Over the past few years, I have become quite interested dog training and law enforcement both for personal and professional reasons. Like myself, most people consider their dog(s) as family. Because of this shift in our society, losing a dog can be heartbreaking. Losing a pet effects the family but it can affect the responsible parties. In recent years, cities and police departments have seen an increase in lawsuits due to intentional and unintentional shootings of dogs during arrests, conducting search warrants, and answering calls. To help educate officers and prevent unnecessary deadly force used against animals, Texas House Bill 593 was passed in 2015. According to the TCOLE (Texas Commission on Law Enforcement) website, Licensed Peace Officers are legislatively mandated (H.B. 593) to take a Canine Encounters course. This 4 hour course goes over topics such as determining if a dog is dangerous, recognizing and understanding canine behavior, aggression, and prevention.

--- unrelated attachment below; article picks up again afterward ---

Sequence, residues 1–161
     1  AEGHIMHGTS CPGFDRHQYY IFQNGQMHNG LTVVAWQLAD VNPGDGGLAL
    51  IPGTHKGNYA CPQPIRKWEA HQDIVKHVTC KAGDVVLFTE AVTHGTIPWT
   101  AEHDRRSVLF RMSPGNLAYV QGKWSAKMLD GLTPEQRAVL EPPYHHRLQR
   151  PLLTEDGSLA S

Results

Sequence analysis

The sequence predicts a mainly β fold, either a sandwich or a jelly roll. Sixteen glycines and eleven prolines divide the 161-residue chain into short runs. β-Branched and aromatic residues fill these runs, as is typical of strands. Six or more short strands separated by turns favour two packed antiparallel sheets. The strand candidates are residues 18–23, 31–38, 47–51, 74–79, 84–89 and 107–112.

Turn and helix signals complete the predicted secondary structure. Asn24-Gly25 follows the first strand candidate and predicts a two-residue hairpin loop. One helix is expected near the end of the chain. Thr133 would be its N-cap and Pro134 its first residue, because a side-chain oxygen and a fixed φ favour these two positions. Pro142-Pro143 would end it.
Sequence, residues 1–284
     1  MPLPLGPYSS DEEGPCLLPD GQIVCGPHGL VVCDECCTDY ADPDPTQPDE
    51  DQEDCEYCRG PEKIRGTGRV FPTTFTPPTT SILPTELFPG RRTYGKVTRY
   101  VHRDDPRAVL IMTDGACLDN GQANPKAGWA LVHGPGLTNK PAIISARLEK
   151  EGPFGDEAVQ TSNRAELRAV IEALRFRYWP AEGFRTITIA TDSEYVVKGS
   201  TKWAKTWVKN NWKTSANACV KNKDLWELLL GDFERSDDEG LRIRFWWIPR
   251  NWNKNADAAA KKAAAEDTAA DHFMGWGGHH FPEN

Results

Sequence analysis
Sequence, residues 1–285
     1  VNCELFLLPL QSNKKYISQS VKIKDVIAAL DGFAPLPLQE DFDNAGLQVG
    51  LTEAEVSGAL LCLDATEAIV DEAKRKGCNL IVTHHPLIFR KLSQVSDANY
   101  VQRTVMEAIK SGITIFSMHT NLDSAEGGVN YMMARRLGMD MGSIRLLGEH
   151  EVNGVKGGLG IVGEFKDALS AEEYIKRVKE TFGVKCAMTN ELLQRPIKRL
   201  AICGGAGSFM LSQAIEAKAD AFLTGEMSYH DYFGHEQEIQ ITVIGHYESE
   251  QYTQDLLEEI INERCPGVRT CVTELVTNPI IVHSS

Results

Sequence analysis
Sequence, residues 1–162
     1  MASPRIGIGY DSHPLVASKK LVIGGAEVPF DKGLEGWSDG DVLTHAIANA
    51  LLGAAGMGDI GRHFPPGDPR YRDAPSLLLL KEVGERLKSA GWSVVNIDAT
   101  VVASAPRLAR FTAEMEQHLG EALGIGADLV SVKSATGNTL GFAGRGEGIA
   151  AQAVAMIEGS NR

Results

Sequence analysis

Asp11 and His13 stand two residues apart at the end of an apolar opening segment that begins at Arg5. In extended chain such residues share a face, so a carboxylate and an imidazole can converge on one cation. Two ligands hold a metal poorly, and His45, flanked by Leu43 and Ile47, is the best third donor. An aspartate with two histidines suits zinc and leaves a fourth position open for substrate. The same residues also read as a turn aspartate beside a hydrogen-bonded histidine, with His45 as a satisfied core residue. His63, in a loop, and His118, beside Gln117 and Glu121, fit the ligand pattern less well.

Some police departments are going above and beyond in training by partnering with dog trainers and even using simulators to ensure proper training. I went through SAPD’s Citizen Police Academy and experienced their simulator first hand. The realistic interaction with the simulator is astonishing and so helpful for a real-world setting. Although I don’t know if they offer this Canine Encounter training through their simulator, the training curriculum is still informative. This article discusses more in-depth about the simulators and how effective they have become in training officers.